Sir David King appointed UK climate change envoy

Former Chief Scientific Advisor takes key Foreign Office post two years ahead of proposed UN emissions reduction deal

(Pic: World Economic Forum)

By Ed King

Sir David King has been appointed as Foreign Secretary William Hague’s new special representative for climate change.

The Government’s Chief Scientific Advisor from 2000–2007 takes charge of an extensive network of climate diplomats, and will lead the UK’s overseas work on promoting low carbon growth.

King replaces Rear Admiral Neil Morisetti, who had taken the role on an interim basis earlier this year, focusing on the security implications of climate change.

In a statement released at the weekend, Hague said Sir David will play an important role in negotiations ahead of a global emissions reduction deal scheduled for 2015.

“As well as a long-held commitment to raising awareness of climate change, he brings a deep and specific knowledge of climate and energy issues and a wealth of broader experience to the role, which he will begin later this year,” he said.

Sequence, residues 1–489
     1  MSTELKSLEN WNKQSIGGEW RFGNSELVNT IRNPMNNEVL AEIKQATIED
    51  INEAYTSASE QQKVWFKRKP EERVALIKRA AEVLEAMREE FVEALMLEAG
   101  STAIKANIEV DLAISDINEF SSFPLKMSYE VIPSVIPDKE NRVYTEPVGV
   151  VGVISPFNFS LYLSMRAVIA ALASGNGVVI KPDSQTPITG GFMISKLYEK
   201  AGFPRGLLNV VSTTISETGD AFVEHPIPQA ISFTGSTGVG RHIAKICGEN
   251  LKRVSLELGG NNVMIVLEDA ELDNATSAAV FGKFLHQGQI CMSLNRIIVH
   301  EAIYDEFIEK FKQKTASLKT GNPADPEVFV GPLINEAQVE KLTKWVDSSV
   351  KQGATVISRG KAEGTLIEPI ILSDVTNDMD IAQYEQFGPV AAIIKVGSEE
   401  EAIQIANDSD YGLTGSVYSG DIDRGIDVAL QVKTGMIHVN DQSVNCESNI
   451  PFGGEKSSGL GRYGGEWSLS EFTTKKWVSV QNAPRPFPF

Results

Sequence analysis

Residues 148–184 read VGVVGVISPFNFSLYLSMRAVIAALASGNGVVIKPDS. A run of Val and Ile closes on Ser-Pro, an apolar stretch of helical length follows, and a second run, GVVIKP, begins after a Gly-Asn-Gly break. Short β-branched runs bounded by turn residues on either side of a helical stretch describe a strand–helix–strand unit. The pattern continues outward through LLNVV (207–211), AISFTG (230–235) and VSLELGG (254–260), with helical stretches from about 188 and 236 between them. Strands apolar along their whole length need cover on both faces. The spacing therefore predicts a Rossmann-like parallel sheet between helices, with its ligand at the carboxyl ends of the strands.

“I know that Sir David is keen to build on Neil’s excellent work, working with the FCO’s global network and DECC, as we continue to build the conditions and momentum towards securing a global and legally binding climate agreement in 2015.”

In 2004 King branded global warming as a “greater threat than global terrorism”, and is credited with raising the profile of the issue within Tony Blair’s government.

Four years later the UK adopted the Climate Change Act, legislation that provides a legally binding framework for the country to decarbonise its energy system.

Earlier this year King warned that the threat of climate change is now so severe it demands a response similar to the Apollo Moon landings and the Manhattan Project that developed the nuclear bomb.

Writing in the FT in August, King and economist Richard Layard argued G20 countries need to join forces to invest in solar power.

“To match the spending on the Apollo project would require only 0.05 per cent of each year’s gross domestic product for 10 years from each G20 country.”

King added: “Since we have just passed 400 parts per million [of carbon dioxide] and most climate scientists believe 450 will leave to potential calamities, this is a good moment to give an extra push to the development of solar energy.”

Given the proximity of a UN climate deal, the appointment may be seen as risky by some observers.

In 2011 King recommended the UN’s flagship emissions reduction treaty, the Kyoto Protocol, be scrapped, suggesting voluntary goals would be politically more acceptable to countries.

“If you say only a full [legally binding] treaty is any good, we will still be arguing about it in 20 years,” he told the Guardian.

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